While I was at Andrews, my uncle, Don F. Neufeld, died. This was a major blow to me. He was the one who had gotten me into biblical languages in the first place, and had himself become quite a serious influence on my life. I had spent many hours of enjoyable discussion with him, especially when I was a student at Columbia Union College during my freshman year. Dr. Running introduced me to thinking about grieving, to giving myself the time to grieve, and not to be concerned with how other people felt about it. She put every bit of the effort and energy into helping me through that time that she did into teaching me languages.
And she had energy. Energy and focus. She expected similar energy and focus from students. Sometimes this worked well for me. I took Akkadian and Middle Egyptian from her, and audited the second quarter of Syriac. I remember my final test in Akkadian. It was open book. Those who have studied cuneiform will realize how important that was. But when she presented me with the test, it was a legal size sheet of paper filled with cuneiform text on both sides. And no, they were not huge characters. I was devastated and tried not to show it. The idea that I could translate that within two hours at that point was ridiculous. But I dug in. I think I translated about a quarter of the total. I got an A. When I asked her about it, she told me she didn’t want me going over it. She wanted my first effort.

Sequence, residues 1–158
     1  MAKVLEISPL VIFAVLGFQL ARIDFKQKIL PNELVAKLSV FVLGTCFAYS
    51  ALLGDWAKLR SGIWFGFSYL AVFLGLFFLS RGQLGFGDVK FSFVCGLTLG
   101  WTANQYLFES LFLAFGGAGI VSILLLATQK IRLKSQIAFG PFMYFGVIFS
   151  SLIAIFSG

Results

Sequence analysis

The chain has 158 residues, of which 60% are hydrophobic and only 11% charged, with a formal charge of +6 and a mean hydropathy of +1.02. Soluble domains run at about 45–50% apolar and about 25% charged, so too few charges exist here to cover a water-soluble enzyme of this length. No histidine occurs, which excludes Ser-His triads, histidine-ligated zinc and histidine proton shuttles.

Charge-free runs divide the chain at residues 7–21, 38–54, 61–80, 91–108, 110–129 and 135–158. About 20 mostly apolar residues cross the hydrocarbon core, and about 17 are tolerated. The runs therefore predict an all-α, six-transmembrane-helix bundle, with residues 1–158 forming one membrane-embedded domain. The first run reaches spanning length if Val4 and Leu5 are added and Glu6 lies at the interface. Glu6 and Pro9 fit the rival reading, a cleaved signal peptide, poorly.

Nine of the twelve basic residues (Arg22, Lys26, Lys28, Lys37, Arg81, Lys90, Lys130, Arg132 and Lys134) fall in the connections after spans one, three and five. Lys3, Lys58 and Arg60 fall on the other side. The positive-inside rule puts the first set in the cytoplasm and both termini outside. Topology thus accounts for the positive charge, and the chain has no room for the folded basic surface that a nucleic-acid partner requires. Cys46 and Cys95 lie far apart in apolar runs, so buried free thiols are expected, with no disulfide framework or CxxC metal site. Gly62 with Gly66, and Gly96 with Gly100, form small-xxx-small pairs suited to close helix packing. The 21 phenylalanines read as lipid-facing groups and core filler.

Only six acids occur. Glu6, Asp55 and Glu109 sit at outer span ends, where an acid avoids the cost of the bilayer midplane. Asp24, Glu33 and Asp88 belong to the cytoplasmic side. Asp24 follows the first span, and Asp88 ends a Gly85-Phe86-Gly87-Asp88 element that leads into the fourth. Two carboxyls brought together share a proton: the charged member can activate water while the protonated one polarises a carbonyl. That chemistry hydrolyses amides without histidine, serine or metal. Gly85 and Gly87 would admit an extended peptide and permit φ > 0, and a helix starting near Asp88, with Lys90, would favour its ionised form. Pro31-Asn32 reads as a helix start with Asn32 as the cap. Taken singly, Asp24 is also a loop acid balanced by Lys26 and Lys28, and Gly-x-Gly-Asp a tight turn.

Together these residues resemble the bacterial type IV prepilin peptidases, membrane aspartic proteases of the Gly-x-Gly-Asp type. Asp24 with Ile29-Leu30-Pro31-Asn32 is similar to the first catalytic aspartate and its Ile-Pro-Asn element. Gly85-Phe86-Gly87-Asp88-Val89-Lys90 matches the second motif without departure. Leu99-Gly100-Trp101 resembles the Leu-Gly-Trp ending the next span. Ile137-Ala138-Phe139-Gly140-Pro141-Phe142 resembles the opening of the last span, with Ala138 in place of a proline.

In Middle Egyptian, she wanted to improve my artistic skills. There’s this little chick one draws for the ‘w’ sound, and it occurs a lot. It was, she told me, quite easy to draw. I had but to make the effort. And she’d show me how to do it several times. My drawings of ‘chicks’ never did satisfy her.
She was also going to be the head of my thesis committee, but theology and politics got in the way, and my thesis was converted to a project, even though it was the same text that would have been a thesis. It was her recommendation that led me to go ahead with the project and get my degree rather than trying to fight it out. Her idea was that I would get into a doctoral program and who would care what my MA thesis was. For once she was wrong. Though I took some further graduate hours, studying linguistics, I never did enter a doctoral program.
There are actually some academic projects of hers that I discovered only after I had left Andrews. She was much more interested in teaching and in developing character. She kept in touch and took a long term interest in students. She probably talked to me more about advising on a Spanish translation of the Bible than on anything else. As the articles I referenced have noted, she was truly skilled in multiple languages.
Let me quote:
In 1957, Leona was accepted into the PhD program at Johns Hopkins University. She was interviewed by the renowned biblical archaeologist William F. Albright,who sat her down and began talking to her in Spanish,switched to French, then German and finally English.By the end of the conversation, Albright told her that she had passed her entrance exam. (source)